Patient Safety Incident Response Framework (PSIRF)

Every day more than a million people are treated safely in the NHS. Occasionally, things go wrong, or an unexpected event occurs. These are known as patient safety incidents.

A patient safety incident is any unintended or unexpected incident which could have, or did, lead to harm for one or more patients receiving healthcare. These can range from incidents which cause no harm – such as a missed dose of a medicine - to rarer incidents which can have a devastating impact on someone’s life - such as a failure to recognise when someone’s condition is deteriorating.  

Patient Safety Incidents can also include ‘near misses’ where an issue was spotted prior to an incident occurring. A near miss could be when a community nurse notices a patient visit has not been booked so goes ahead and arranges it so it is not delayed; or someone notices a piece of equipment is damaged so removes it before it gets used.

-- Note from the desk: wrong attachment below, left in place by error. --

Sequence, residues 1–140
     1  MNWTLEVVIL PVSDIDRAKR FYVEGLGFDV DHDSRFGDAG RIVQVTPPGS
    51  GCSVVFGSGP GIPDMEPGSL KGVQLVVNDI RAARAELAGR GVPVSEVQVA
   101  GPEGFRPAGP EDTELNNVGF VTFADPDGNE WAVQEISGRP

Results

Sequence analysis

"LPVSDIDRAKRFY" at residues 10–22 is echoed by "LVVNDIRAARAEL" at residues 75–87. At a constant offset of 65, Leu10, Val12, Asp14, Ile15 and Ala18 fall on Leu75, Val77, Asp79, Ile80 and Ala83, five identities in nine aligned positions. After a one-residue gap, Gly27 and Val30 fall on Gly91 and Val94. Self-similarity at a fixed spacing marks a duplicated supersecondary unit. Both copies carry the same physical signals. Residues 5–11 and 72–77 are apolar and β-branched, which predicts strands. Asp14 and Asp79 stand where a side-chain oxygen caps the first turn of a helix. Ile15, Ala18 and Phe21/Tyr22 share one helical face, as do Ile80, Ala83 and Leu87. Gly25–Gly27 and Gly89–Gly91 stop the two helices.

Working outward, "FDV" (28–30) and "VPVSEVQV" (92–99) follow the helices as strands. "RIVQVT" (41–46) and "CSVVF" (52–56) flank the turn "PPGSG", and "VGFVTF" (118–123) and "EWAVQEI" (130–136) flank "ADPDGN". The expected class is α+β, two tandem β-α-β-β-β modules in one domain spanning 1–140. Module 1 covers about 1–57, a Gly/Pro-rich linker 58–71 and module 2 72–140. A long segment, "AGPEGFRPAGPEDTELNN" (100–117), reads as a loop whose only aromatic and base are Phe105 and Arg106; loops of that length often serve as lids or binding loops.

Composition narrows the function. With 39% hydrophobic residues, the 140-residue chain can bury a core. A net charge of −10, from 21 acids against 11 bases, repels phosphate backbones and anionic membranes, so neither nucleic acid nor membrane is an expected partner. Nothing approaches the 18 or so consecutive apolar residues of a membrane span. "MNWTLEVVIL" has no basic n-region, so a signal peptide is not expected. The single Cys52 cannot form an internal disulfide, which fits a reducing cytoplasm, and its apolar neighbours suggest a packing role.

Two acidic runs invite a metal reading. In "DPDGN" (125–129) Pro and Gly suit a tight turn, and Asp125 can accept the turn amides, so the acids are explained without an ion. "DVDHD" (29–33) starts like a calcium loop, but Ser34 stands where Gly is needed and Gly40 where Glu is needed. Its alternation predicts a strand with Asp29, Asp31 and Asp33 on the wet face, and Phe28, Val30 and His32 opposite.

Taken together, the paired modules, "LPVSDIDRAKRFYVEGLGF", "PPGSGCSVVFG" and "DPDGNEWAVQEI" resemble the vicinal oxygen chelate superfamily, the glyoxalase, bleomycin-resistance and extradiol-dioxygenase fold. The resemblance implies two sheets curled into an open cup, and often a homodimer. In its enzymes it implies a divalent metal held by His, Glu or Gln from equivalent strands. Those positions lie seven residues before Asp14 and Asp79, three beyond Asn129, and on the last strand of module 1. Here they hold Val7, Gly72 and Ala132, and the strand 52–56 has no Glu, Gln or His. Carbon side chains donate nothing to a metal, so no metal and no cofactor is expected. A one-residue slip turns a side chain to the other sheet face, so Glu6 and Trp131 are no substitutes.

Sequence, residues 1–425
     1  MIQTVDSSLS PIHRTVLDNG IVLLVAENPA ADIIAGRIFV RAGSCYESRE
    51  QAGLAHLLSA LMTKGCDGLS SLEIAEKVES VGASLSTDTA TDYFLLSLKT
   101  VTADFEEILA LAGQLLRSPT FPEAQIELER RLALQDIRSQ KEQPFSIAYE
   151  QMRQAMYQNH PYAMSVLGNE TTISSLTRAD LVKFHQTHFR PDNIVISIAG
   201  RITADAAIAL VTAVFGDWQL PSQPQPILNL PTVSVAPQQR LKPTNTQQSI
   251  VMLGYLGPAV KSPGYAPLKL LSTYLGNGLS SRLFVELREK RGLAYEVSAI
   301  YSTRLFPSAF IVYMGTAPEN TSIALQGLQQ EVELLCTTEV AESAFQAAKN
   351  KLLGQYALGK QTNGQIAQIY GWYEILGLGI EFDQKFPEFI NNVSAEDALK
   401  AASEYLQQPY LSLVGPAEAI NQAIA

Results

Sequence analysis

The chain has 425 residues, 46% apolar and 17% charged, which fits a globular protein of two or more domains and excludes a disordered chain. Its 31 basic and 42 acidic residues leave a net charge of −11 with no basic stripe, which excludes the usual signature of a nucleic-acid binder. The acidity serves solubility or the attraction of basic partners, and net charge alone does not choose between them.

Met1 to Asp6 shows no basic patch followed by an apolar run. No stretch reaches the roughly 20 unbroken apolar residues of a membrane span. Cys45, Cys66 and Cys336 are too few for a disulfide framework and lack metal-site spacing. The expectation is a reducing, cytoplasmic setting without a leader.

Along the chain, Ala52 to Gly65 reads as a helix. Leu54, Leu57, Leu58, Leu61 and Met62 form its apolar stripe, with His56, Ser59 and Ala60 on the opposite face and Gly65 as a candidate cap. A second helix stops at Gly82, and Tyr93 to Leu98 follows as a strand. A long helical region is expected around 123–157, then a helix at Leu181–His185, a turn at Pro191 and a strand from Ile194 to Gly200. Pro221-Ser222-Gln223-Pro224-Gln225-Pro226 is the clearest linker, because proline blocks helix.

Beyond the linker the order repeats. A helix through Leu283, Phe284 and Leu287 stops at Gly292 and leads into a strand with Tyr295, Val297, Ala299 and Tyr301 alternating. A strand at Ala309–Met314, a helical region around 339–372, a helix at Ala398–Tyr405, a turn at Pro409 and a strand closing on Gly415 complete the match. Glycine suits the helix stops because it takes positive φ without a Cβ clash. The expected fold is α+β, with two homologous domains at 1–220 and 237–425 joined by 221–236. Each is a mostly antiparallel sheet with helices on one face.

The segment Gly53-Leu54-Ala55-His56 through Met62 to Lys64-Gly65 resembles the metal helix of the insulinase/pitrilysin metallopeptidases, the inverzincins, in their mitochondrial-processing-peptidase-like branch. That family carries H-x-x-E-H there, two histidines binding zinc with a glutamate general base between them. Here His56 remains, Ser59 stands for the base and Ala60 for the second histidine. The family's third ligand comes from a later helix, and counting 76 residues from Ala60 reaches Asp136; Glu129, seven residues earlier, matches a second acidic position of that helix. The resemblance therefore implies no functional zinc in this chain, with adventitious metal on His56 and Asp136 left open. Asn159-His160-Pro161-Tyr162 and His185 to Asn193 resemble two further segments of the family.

In almost all cases, incidents occur due to problems within the systems people work in, and not because individuals meant to cause any harm.   In the NHS it is important that we learn lessons from Patient Safety Incidents, so that we can try and prevent them from recurring.

The Patient Safety Incident Response Framework (PSIRF), is the new approach to responding to Patient Safety Incidents that occur within organisations contracted to do work for the NHS. It replaces the previous Serious Incidents (SI) Framework (2015). PSIRF will complement the development of a ‘just and learning’ culture at MCH, a culture which encourages learning and ensures compassionate engagement with those affected (patients, families, carers and staff). As part of PSIRF there will be additional patient safety training for all staff so that they can understand how everyone has a role to play within a patient safety culture.

The short video below explains PSIRF:

Introducing the Patient Safety Incident Response Framework (PSIRF): A framework for learning - YouTube

Here at MCH we are developing our Patient Safety Incident Response Plan (PSIRP). In this plan we:

  • identify which patient safety risks worry us most,
  • review how we intend to review Patient Safety Incidents
  • identify learning and
  • maximise the opportunities for improvement.  

We also need to learn to identify when things go well so we can celebrate and replicate them. The plan will accompany internal policies and guidance for staff.